8 tips on how to remember dreams

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dreamsIf someone who usually forgets his dreams uses some of these techniques, he will gain access to another part of his life – the mysterious world of dreams.

1. Develop the habit to record something every day upon waking.

All new habits take about 21 days to develop, so record something every morning for 21 days. Even if you do not remember your dreams, write something as soon as you wake up. Remember that feelings are equally important for the interpretation of dreams, as images and words, and can help reveal a large part of the dream. But if you do not remember anything, then write something, even as simple as “I don’t remember any dream today.” Everything you write is not as important as the very act of writing because thus you make your subconscious work and give you something to write.

2. Always have a pencil and a notebook or whatever else helps you (eg. tape recorder) next to your bed.

When you start working on the method of remembering your dreams, it is necessary to record them immediately upon waking. Dreams quickly slip out of the memory, often within seconds after you wake up.

3. Learn to wake up before the alarm.

The shock from the sound, music and radio can easily make you forget what you dreamed of. Try to give yourself a command to wake up at a certain time to make your subconscious wake you up a few minutes before the alarm.

4. Try to remember your dreams after a nap

Set your alarm clock for 20 or 30 minutes. It is believed that it is easier to remember dreams after a quick sleep because in this case the brain does not enter the phase of deep sleep.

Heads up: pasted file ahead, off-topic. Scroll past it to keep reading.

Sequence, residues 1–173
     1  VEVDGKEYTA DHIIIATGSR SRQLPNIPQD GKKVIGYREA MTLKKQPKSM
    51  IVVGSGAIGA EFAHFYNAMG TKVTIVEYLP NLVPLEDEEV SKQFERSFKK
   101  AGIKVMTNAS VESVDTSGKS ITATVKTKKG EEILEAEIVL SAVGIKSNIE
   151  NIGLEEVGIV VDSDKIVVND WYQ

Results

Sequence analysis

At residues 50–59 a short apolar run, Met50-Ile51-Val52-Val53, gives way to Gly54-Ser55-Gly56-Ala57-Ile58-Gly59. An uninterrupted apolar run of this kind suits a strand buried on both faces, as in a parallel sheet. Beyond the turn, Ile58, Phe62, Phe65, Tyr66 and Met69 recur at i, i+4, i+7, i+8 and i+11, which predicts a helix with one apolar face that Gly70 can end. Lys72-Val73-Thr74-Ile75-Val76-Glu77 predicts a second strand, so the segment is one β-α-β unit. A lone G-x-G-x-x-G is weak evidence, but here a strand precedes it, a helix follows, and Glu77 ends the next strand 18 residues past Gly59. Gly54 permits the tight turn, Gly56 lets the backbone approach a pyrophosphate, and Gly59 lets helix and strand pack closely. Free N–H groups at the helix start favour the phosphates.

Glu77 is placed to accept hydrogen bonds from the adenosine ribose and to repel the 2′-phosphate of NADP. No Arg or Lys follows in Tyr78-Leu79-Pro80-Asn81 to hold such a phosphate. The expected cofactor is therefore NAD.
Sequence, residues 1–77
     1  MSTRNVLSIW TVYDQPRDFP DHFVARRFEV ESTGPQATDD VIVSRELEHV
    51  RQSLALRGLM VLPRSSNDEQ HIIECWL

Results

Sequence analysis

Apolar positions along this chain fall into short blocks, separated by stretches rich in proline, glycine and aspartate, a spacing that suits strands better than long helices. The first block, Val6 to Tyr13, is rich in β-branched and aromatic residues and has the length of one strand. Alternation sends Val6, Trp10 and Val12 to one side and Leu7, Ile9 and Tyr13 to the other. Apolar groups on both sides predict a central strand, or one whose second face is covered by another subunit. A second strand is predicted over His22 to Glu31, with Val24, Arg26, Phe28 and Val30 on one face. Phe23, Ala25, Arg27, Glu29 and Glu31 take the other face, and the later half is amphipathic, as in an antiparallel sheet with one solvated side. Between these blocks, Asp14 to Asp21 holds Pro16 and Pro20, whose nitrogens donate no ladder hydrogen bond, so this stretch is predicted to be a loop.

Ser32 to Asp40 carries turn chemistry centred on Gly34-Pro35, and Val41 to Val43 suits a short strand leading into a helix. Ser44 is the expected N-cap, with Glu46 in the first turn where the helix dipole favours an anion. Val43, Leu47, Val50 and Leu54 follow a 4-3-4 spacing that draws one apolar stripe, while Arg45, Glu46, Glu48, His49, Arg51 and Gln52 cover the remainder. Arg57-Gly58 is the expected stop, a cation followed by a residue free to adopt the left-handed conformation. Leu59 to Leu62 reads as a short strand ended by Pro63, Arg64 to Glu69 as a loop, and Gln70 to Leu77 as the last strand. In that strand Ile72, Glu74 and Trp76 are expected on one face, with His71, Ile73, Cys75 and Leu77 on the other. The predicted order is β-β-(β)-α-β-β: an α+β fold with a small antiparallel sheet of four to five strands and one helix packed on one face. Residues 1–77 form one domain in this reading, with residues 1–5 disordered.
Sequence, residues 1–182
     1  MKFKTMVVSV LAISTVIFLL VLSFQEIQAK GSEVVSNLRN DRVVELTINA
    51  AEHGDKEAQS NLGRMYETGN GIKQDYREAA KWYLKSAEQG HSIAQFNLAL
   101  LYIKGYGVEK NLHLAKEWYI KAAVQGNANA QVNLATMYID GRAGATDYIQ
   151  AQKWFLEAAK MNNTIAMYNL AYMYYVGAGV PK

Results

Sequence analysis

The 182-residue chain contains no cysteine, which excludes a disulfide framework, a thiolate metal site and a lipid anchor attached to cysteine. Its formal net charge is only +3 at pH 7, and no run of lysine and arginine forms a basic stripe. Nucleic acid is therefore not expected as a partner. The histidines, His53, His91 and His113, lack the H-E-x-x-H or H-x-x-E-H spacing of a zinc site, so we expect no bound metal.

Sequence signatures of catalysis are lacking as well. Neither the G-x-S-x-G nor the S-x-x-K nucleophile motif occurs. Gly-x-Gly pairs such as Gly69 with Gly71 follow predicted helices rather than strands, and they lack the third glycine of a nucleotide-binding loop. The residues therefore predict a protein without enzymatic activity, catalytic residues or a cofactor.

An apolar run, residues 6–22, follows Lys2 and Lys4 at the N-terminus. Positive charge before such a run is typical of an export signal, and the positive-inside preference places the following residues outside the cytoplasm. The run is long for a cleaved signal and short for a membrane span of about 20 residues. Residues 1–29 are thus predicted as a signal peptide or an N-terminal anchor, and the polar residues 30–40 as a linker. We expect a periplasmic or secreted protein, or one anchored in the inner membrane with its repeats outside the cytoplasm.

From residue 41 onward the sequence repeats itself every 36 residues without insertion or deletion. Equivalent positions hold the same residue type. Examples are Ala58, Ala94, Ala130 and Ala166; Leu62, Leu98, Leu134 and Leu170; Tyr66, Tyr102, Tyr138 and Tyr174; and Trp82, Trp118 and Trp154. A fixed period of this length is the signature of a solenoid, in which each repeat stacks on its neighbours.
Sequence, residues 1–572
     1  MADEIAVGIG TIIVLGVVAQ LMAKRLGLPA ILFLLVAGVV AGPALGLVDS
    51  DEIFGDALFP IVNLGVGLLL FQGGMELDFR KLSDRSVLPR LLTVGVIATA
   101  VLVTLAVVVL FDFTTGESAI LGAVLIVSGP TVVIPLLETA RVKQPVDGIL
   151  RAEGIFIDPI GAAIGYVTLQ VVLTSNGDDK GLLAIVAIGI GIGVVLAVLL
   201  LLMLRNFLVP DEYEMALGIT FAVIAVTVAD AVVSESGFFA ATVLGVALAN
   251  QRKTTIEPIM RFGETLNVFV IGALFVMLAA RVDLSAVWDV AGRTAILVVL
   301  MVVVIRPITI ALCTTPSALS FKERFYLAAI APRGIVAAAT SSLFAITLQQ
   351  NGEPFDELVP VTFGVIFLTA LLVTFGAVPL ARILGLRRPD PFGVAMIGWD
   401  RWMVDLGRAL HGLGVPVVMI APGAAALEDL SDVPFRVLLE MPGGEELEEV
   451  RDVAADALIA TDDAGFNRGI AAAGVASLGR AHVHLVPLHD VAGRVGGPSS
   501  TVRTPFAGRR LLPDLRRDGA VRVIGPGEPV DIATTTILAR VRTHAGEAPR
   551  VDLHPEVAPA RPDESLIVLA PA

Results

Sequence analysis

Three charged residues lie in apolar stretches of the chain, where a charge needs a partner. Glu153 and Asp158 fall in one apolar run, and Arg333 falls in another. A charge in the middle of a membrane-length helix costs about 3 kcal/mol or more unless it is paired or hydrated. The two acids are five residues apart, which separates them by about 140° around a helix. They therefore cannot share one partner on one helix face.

5. Give your memory the command to recall your dreams upon waking up.

This is an exercise that needs practice. Think that your memory is a muscle that should be trained in order to grow stronger.

6. If these techniques do not work on you, try reverse psychology.

Give yourself the command not to remember any dream. Sometimes the subconscious is “perverse” and refuses to do what you are saying. So try telling it not to do what you really want to do.

7. Read something spiritual at bedtime.

This can help provoke the emergence of some subconscious visions related to your daily life and appearing in your dreams and help you interpret them.

8. If you finally recall a feeling and have no other recollection of a dream, try to imagine a situation where you could have this kind of feeling.

In this case, try to find traces of the dream in your memory. This technique can bring back a piece of the dream.

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Anna LeMind

Anna is the founder and lead editor of the website Learning-mind.com. She is passionate about learning new things and reflecting on thought-provoking ideas. She writes about science, psychology and other related topics. She is particularly interested in topics regarding introversion, consciousness and subconscious, perception, human mind's potential, as well as the nature of reality and the universe.

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By | 2017-01-13T21:54:48+00:00 December 26th, 2012|Categories: Personal Development, Psychology & Mental Health|Tags: , , |0 Comments

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